It’s probably safe to say that not since the 26 seconds Abraham Zapruder filmed of President Kennedy’s assassination in Dallas in 1963 has a moving image of a killing been viewed more often than that of the April, 2015 fatal encounter, in North Charleston, South Carolina, between police officer Michael Slager and motorist Walter Scott.
The 50-year-old Mr. Scott was pulled over by Mr. Slager for a broken brake light. For reasons unknown, the motorist left his car and fled. The policeman shot and killed him.
The report filed by the officer report stated that he had deployed a Taser against Mr. Scott to stop him from fleeing, that the two men then struggled over the electrical shock device, that Mr. Scott gained control of it and attempted to use it against Mr. Slager, prompting the officer to shoot eight rounds at Mr. Scott, striking him five times.
A passerby caught the event on his mobile phone camera and, after hesitating for fear for his own safety, made the recording public.
The video clip showed Mr. Scott running away, nothing in his hands, and Mr. Slager, at a distance of 15–20 feet, coolly shooting at the back of the fleeing man. The film also seemed to show the officer, after the victim had fallen, retrieving something, possibly a Taser, from his patrol car and placing it next to the dying Mr. Scott.
Last week, a jury in Mr. Slager’s state trial (whose members had the option of finding him guilty of either murder or manslaughter), after 22 hours’ deliberation and repeated viewings of the video, remained deadlocked. Reportedly, 11 of the 12 jurors favored a conviction.
The Gemara (Sanhedrin 17a) teaches us that when the Sanhedrin judged a capital case, a unanimous verdict would automatically be vacated. (For the reason, see Rashi and the Maharatz Chayes.) Unanimity, when a life is at stake, is unacceptable.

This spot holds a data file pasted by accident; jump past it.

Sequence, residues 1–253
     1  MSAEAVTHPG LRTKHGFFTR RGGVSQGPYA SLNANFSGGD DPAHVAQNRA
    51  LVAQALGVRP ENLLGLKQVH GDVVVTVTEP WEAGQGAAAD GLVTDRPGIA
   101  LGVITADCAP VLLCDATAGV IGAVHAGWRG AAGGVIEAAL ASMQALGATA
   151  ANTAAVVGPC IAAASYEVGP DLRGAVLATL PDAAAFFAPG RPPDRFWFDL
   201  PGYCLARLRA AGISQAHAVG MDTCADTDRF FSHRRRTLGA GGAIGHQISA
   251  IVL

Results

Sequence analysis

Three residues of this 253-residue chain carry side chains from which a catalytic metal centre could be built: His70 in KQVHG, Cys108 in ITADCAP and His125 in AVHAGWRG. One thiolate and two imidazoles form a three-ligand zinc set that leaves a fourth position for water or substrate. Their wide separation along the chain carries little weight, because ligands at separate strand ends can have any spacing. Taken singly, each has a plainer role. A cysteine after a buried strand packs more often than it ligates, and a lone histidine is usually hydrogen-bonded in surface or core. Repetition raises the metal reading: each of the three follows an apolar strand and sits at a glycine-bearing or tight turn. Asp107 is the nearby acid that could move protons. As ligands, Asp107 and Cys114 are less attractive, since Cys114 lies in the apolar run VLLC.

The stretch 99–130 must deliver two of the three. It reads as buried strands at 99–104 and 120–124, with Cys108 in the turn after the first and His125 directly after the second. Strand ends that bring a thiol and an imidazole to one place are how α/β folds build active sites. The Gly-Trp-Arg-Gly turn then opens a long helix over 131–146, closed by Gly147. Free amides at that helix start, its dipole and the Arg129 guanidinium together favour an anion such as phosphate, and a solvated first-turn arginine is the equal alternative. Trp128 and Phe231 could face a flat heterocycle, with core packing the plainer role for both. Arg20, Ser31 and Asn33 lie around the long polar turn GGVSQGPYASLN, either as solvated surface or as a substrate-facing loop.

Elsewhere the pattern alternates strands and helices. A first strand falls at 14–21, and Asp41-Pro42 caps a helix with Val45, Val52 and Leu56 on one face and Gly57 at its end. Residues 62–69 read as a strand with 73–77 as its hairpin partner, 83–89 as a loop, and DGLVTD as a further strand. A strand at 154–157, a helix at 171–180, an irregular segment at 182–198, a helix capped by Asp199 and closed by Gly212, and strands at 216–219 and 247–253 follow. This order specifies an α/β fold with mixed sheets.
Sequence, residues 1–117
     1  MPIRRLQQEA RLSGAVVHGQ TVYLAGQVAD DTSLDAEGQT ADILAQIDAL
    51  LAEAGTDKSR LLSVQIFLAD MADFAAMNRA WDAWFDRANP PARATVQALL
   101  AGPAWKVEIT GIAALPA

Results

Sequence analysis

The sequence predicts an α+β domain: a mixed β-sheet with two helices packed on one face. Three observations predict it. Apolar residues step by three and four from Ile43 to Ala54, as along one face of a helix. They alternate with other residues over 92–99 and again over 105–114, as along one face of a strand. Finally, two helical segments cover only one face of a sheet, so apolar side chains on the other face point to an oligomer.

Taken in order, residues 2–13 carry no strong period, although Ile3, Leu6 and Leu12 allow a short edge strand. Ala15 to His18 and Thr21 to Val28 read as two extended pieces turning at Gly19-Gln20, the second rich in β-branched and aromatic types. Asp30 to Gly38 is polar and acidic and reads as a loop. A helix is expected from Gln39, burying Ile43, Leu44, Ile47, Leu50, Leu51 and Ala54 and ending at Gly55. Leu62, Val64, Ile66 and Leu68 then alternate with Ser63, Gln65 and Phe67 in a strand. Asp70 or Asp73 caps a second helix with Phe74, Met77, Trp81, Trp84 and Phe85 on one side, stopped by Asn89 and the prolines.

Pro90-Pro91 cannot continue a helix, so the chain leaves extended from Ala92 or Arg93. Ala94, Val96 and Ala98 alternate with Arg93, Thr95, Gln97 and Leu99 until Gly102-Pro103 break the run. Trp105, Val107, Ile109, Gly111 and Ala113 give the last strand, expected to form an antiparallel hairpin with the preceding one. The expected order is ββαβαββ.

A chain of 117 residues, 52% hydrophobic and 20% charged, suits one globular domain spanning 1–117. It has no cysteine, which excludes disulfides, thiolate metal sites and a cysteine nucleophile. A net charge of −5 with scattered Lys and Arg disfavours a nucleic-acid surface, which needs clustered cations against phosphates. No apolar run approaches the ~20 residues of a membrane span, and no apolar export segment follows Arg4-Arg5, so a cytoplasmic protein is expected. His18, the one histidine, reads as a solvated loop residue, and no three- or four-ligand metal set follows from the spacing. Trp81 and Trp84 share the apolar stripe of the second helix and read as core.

In American federal felony trials, however, as well as in trials on serious charges in various states, South Carolina among them, a unanimous verdict is required. And so, faced with the deadlock in the Slager case, the presiding judge declared a mistrial, and the lead prosecutor announced her intent to retry the defendant.
Most of us, and rightly, are sympathetic to police officers when they feel compelled to use their weapons. Police live dangerous lives, and many have been murdered in the course of their duties protecting us all. And in many of the cases where white officers like Mr. Slager have been accused of needlessly shooting black suspects like Mr. Scott, we tend to think that things aren’t always — excuse the expression — black and white.
Sometimes, though, they are.
Whether or not, as some have charged, the holdout in the jury box was motivated by racism, the video makes it undeniably clear that Mr. Scott was unarmed and fleeing, and that Mr. Slager shot him at a distance, repeatedly, in the back.
Many African-Americans, unfortunately, automatically assume that if a white police officer shoots a black man it must have been because black lives don’t matter to white cops. That assumption is misguided; it ignores the inherent and considerable dangers of police work and the disproportionate representation of black men in criminal activity, resulting in a heightened sense of threat some officers might have when confronting them. (That’s not an excuse, only a reality.)
But disabusing those who jump to such conclusions about police shootings requires diligently investigating each case where a black person is hurt or killed by a police officer, and vigorously prosecuting any officer accused of using force wrongfully. As seems clearly to have happened, lethally, in the Slager case.
North Charleston’s police chief Eddie Driggers understands the importance of that. After watching the video, he minced no words, saying simply, “I was sickened by what I saw.”
Michael Slager will be retried by the state, and also faces federal charges of violating Mr. Scott’s civil rights and using a weapon during the commission of a crime. Usually, it is unjustified to expect a particular verdict. Usually, the public isn’t privy to what is needed to judge an accused person innocent or guilty. Usually, there is no way for people, even members of a jury who have heard much testimony and weighed much evidence, to know what in fact took place.
This, though, is not a usual case. And its outcome could help reassure American minorities that they are treated the same as everyone else in our country, or help confirm their worst suspicions.